California’s inflation-adjusted per-capita spending has been nearly flat for more than 30 years. The state’s deficits come not from a spending binge, but from tax reductions adopted without cutting spending. Neocons promoted this “Starve the Beast” strategy as a way to cut otherwise too-popular programs (eventually), and sometimes even scared Democrats into going along (Jerry Brown reacting to Proposition 13).
Tax reductions began in 1978 when Proposition 13 reduced local governments’ revenues by 57% and further limited property tax increases. The State back-filled this shortfall, and its budgets have been in trouble ever since.
But why were property taxes such a focus of voter dissatisfaction?
- Revenue distribution changed: In 1976 the California Supreme Court mandated sharing local school revenues with poorer districts. Property owners in affluent districts no longer had the exclusive benefit of taxes they paid for their local schools.
- Budget surpluses: California government maintained surpluses resented by fixed-income voters who suffered during the housing bubble described below. Oddly, Republicans still say they want to collect a surplus even as the electorate suffers from the “Great Recession.”
- Inflation/housing bubble: The inflation of the 1970’s was the principal reason for Prop 13’s passage. Fixed-income homeowners received shockingly large (and growing) property tax bills because inflation increased their homes’ taxable values dramatically. “Save Grandma’s home” was an important part of the campaign for Prop 13.
Proposition 13 also limited real estate taxes on commercial property, like homes, raising tax rates only when they changed hands. But since businesses often own property through subsidiaries, no reassessment, and no tax increase, occurs if they sell not the property but the subsidiary, in pieces, over several years. Property transfers could take longer, but no change in the tax bill would occur even if the property value doubled.
The impact is not trivial. The California Tax Reform Association reports: “in virtually every county in the state, the share of the property tax borne by [residences] has increased since the passage of Proposition 13 in 1978, while the share of the property tax borne by non-residential property has decreased. Some examples: in Contra Costa County, the residential share of the property tax went from 48% to 73%. In Santa Clara, the residential share went from 50% to 64%, despite massive industrial/commercial growth. In Los Angeles, it went from 53% to 69%. In Orange, it went from 59% to 72%.”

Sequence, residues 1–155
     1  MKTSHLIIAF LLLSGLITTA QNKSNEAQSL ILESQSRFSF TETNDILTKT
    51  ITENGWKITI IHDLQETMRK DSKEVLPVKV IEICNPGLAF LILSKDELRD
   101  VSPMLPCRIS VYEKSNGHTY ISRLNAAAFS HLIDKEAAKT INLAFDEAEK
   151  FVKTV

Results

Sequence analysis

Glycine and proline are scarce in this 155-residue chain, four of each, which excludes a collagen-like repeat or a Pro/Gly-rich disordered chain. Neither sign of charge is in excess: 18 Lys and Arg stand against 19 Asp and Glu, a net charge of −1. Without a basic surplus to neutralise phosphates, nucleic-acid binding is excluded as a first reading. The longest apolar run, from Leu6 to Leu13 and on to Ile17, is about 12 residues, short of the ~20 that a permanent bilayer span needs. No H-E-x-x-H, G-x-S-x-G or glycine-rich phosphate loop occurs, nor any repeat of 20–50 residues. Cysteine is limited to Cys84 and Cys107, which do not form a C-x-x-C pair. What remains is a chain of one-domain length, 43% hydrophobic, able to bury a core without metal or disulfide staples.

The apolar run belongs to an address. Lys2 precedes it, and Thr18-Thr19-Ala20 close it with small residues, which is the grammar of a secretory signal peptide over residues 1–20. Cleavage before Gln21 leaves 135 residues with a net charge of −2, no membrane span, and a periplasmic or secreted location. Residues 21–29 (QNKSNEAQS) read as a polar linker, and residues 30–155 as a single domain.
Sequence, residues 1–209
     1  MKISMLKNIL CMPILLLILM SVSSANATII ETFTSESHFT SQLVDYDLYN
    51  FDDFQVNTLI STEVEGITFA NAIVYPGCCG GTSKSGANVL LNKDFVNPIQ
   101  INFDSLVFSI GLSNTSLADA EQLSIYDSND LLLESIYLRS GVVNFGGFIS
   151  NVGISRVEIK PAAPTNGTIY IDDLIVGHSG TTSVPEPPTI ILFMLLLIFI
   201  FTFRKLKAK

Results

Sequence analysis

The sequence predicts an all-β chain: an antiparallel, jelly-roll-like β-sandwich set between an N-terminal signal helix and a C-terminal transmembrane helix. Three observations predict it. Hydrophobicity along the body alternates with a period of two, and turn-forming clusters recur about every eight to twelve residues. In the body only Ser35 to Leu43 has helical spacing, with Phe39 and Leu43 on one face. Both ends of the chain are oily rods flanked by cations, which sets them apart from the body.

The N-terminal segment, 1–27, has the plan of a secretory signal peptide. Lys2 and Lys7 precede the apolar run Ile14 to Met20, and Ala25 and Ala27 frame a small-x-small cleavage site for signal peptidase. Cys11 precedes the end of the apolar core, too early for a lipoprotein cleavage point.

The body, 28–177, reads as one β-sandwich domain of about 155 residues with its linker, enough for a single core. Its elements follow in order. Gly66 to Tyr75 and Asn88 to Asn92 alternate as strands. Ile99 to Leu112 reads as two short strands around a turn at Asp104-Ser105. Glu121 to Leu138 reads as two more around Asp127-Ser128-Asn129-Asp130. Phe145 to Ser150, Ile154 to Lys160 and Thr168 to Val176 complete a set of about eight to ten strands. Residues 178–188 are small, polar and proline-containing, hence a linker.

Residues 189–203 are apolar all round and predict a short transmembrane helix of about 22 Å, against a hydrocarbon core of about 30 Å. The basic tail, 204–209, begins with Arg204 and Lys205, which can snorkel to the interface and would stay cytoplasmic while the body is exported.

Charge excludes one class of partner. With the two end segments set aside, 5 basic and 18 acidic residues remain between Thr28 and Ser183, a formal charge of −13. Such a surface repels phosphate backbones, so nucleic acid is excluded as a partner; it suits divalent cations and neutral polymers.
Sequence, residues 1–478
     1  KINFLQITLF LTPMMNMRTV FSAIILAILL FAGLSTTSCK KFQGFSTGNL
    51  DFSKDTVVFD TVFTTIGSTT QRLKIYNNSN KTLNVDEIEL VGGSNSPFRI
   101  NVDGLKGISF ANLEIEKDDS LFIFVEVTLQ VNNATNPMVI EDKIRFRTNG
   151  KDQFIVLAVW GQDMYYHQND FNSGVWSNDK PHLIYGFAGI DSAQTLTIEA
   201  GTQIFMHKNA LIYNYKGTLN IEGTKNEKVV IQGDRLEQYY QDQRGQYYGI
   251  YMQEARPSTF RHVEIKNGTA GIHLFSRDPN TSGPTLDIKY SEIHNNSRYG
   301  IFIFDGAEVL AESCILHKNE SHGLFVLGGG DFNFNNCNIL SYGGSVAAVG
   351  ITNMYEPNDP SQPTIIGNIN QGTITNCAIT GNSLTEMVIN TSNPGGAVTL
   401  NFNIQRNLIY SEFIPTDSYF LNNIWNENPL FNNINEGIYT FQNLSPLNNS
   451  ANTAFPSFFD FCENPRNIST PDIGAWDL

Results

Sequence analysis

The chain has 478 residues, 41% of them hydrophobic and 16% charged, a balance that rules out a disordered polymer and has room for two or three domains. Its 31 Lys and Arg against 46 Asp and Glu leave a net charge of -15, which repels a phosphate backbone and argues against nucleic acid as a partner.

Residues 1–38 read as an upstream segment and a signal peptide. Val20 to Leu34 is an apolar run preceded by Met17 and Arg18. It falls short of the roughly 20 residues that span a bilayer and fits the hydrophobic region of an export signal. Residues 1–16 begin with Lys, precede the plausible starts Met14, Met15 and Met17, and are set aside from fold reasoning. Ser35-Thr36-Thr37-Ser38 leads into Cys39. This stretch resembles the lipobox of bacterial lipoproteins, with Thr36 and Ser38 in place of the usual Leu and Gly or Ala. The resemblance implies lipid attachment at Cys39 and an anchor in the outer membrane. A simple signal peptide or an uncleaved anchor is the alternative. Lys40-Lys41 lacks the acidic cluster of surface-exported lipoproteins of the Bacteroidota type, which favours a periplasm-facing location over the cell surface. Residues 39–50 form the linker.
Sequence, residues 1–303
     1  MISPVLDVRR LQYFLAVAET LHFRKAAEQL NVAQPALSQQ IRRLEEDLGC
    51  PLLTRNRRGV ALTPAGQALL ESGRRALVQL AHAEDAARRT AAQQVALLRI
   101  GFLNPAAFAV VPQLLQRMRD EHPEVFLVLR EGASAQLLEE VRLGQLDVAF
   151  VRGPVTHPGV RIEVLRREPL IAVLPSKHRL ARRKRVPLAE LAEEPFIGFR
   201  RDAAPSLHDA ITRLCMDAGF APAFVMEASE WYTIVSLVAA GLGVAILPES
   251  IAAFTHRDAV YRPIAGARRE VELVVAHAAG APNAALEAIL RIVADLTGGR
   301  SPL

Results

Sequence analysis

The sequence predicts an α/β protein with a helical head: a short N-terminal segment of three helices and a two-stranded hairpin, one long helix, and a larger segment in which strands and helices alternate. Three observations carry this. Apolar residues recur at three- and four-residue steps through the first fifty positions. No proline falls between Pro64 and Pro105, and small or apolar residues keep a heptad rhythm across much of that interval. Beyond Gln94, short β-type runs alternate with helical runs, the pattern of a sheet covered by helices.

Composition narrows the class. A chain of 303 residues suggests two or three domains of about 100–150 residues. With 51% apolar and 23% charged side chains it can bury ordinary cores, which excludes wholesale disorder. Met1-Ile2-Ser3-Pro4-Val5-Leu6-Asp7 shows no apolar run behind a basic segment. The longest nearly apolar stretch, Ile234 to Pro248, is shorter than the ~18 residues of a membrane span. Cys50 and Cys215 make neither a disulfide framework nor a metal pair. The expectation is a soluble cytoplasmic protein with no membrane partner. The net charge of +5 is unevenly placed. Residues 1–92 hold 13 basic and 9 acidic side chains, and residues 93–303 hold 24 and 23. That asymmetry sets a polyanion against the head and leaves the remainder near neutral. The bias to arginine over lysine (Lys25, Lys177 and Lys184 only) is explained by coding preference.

The 1970s inflation that led to higher real estate prices and taxes came from energy price inflation that began in 1973, just two years after a peak in domestic oil production insured we would not be able to produce our way out of even a small shortfall in worldwide petroleum supply. Unhappy with U.S. support for Israel during the Yom Kippur War, Arabs decreased oil production and prices went up fivefold almost overnight, peaking in 1982 at $42/bbl (roughly double that price in current dollars). In 1971, oil cost less than $2/bbl.
Home prices in the 1970s increased along with gas prices because, besides of petroleum’s importance in producing other goods, people bought homes as an inflation hedge. Because mortgages magnify the effect of inflation (and as we’ve recently discovered, deflation), homes were a smart investment, until they became unsalable because of high mortgage rates (16 – 18% in 1982).
So the origin of California’s tax reductions, and even its current budget deficit, is arguably oil price inflation. If we want a stable economy, and government without deficits, we need to stop kidding ourselves that spending is at the root of our budget problems, and attend to our energy addiction.